• Security Notes Configuration information or excessive, unwanted open ports on a device.

    Figure 6.31

    The options at the bottom of the screen will let you sort the information by port number or save the information in different formats.

  23. Investigate the details of the vulnerabilities.

  24. You can expand each item for a detailed explanation of the exploit, and you can learn not only how to resolve it, but also where on the Internet to look for further details regarding the problem.

    Figure 6.32

Additional Reading

Deraison, Renaud. "How to Write a Security Test in NASL," http://www.nessus.org/doc/nasl.html.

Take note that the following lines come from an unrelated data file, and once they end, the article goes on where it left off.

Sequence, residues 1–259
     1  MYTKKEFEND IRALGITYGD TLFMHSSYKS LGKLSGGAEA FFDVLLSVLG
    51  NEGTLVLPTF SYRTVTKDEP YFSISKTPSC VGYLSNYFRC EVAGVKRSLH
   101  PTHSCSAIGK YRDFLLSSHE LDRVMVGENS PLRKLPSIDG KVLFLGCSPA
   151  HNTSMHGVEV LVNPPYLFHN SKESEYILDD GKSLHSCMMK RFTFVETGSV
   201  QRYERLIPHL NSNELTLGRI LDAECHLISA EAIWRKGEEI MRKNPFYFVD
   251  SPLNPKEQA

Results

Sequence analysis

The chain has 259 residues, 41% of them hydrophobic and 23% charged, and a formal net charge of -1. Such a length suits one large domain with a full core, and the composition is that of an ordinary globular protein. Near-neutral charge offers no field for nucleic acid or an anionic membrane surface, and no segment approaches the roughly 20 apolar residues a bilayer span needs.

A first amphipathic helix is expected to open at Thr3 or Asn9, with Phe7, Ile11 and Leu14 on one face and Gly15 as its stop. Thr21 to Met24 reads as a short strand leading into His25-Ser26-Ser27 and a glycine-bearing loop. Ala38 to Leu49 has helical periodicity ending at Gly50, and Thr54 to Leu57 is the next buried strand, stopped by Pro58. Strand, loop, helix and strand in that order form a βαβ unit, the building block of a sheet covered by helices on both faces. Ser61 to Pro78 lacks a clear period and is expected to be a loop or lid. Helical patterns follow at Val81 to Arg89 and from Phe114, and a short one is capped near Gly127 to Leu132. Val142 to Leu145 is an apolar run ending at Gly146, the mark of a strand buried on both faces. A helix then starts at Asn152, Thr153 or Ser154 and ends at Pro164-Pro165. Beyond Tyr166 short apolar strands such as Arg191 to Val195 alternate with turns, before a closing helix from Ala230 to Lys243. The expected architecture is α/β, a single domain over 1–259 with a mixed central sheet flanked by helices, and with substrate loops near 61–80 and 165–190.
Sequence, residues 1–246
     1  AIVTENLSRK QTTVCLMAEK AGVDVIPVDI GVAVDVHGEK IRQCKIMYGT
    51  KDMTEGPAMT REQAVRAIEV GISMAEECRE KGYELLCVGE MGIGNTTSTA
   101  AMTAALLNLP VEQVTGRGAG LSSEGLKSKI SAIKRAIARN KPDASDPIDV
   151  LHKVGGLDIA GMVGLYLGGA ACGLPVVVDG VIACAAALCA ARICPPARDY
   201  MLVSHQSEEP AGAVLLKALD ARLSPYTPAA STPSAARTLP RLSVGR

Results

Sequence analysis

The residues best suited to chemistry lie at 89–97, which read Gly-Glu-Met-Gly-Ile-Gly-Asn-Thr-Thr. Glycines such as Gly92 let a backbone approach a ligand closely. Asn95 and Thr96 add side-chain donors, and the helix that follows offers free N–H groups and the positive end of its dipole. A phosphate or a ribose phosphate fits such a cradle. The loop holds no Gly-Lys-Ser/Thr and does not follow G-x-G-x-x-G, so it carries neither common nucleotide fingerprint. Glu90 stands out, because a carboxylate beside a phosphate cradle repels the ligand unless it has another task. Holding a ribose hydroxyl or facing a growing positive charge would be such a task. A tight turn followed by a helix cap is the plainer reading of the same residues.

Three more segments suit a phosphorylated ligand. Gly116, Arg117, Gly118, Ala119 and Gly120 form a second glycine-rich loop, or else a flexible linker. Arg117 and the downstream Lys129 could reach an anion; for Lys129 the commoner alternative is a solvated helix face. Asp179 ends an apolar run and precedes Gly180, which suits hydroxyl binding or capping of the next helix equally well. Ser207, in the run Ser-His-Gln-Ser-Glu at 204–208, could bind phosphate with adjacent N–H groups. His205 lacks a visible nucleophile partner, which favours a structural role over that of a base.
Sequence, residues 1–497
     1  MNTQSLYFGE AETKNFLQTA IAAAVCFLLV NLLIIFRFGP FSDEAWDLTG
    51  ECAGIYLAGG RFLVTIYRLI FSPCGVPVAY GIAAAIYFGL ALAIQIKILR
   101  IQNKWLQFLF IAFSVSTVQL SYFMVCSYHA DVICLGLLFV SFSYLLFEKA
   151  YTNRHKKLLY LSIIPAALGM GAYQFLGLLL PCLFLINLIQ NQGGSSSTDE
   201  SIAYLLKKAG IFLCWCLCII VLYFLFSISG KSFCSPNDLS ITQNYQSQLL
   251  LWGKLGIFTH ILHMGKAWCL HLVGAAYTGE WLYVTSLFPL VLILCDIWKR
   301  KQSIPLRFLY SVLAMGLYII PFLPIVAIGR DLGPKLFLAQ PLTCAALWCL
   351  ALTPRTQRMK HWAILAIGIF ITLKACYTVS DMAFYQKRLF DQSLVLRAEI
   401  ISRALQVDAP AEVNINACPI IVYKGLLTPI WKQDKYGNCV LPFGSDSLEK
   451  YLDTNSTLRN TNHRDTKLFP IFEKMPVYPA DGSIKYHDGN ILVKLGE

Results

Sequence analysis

Nessus is a powerful vulnerability and port scanner that allows you to see the same view of your network that an outsider sees. Using client/server architecture and a graphical user interface, it makes it very easy for an administrator to determine the corrective action required to secure the vulnerabilities found in the network. Additionally, as part of the open source community, users from around the world constantly make contributions to Nessus's capabilities as new vulnerabilities are discovered. Because of this, Nessus is extremely fast at providing its users the data needed to scan for the latest vulnerabilities. The open source nature of this application also allows its users to customize it to fit individual circumstances and needs. Refer to the GNU License for additional information on open source licensing.